Hydraulic fracturing or FRACKING is described as the process of cracking a rock using pressurized liquid. Induced fracturing entails the combinations of H2O with certain chemicals and sand.
The mixture is infused or injected at relatively high pressure into a hole drilled for exploration or drawing out of natural resources. It is meant to create tiny ruptures measured at less than one millimeter.
This is where fluids like petroleum, gas, salt water, and uranium solutions can transfer to the well. The process is common in wells, rocks of dark sediments, gas, and coal layers. Said stimulation is said to enhance liquid removal and well productivity. It has been observed that there has been an upward trend with regard to multiple hydraulic fracturing as production wanes.
Hydraulic fracturing also refers to related processes involved in extraction of natural gas from irregular rock formation. The main advantage of this technique is that it facilitates production of oil and natural gas in locations where traditional technologies are not capable of working.
Some experts claim that FRACKING has led to the discovery of enormous oil supply and natural gas coming from concentrated deposits of shale (compressed mud or clay). This is very beneficial because it increases energy security, boosts the capability to produce electricity, heat up homes, and provide power to motor vehicles for a sustained period.
Benefits of Hydraulic fracturing
Hydraulic fracturing can also improve economies. It generates royalty payments for property owners and provides tax revenues for governments. Over and above these benefits, it creates high-paying jobs in the following industries:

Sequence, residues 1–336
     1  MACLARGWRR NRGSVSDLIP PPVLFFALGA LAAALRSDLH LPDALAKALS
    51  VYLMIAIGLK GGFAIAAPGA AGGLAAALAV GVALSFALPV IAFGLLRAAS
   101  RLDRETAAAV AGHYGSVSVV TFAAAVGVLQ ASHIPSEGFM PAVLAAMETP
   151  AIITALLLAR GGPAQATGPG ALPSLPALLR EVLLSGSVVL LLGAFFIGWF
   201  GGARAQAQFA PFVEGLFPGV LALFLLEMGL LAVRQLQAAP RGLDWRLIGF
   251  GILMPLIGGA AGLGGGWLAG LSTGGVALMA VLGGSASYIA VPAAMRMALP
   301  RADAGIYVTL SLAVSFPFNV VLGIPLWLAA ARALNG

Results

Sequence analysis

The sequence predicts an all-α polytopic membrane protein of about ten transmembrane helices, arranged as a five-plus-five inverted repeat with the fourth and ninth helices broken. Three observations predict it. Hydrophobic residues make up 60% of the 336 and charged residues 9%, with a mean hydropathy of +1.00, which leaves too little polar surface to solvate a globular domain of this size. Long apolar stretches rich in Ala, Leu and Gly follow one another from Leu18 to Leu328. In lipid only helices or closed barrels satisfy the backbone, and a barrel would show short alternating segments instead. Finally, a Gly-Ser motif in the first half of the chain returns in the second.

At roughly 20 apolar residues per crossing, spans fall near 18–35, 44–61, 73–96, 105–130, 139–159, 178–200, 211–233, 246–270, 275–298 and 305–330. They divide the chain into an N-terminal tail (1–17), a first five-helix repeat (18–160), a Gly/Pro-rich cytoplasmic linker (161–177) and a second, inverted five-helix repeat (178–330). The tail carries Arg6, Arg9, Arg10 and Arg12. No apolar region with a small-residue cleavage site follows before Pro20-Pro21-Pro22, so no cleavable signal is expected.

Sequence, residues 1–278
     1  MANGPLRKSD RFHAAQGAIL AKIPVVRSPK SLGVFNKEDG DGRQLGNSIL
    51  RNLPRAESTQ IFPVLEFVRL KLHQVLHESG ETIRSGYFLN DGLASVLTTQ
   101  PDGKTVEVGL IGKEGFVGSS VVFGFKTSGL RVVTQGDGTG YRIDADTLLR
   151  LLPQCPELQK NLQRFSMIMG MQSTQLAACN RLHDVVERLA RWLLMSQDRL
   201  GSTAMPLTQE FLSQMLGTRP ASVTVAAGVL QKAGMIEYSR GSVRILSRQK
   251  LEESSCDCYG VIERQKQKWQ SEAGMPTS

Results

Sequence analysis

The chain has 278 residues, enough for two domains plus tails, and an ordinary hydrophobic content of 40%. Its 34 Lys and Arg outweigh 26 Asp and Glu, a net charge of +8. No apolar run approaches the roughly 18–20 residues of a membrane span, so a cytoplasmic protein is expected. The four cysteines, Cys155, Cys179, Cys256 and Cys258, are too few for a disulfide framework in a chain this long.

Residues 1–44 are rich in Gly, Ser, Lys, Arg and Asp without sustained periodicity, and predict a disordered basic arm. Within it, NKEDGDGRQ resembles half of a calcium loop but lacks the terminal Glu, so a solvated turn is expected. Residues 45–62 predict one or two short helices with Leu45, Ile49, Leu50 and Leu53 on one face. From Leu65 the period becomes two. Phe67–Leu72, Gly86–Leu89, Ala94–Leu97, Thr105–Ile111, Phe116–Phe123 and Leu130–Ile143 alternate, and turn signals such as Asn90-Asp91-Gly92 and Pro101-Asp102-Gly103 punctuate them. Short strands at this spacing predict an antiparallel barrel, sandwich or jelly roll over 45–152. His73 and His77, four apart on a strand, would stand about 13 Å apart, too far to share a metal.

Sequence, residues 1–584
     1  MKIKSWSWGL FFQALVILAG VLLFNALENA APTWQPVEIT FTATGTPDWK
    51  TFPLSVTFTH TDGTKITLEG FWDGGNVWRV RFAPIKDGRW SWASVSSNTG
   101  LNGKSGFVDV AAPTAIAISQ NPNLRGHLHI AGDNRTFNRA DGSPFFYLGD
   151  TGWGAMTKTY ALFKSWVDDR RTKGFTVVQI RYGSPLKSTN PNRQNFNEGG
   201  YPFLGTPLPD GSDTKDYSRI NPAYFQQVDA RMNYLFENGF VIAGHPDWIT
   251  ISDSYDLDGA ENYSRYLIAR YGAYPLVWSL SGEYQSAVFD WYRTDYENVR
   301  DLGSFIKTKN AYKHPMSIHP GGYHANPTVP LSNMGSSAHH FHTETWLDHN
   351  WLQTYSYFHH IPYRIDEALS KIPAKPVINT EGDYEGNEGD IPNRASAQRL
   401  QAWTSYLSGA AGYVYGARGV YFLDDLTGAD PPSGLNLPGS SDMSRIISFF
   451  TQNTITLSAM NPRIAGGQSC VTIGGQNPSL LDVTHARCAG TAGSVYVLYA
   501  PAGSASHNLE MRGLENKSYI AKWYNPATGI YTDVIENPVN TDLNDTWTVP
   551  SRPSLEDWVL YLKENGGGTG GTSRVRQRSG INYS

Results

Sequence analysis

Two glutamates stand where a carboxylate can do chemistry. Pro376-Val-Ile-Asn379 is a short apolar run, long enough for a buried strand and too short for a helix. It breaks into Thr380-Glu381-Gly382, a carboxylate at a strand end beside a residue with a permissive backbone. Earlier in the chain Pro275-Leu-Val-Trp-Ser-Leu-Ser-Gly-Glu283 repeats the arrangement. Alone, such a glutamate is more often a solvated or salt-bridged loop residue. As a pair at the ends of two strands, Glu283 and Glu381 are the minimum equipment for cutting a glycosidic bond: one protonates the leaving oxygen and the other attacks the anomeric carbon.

• Hospitality (hotels and restaurants)
• Equipment manufacturing
Despite the multiple benefits, hydraulic fracturing has been a very debatable issue recently as environmental groups and health advocates questioned the effects on wellbeing and safety.
Downfall of fracturing
Public health supporters, scientists and environmental campaigners are not really convinced that the advantages can outweigh the potential hazards. Some sectors are worried that the insufficiency of proven research about chemicals used in this technique. There are also questionable areas in regulations in this industry.
There are policies which exempt FRACKING practices. One example is the Clean Water Act. It rules out permits mandatory for storm water release from construction projects which involve the use of gas and oil.
The Safe Drinking Water Act controls the injection of materials into the ground but does not include those associated with hydraulic fracturing provided diesel fuel is not utilized. Even industry practitioners admit the lack of regulatory controls.
Public health industry officials are worried about the untried long-term consequences on residents with houses near the hydraulic fracturing sites because of the possible adverse effects of chemicals on the environment and the creation of air pollution and water contamination.
The general public has not been informed properly about the advantages and disadvantages of this approach. The result is that there are overstated concerns regarding the effects of hydraulic fracturing. The primary question is what will be the cause of FRACKING in the long term?
Is it a boon or a bane for the people?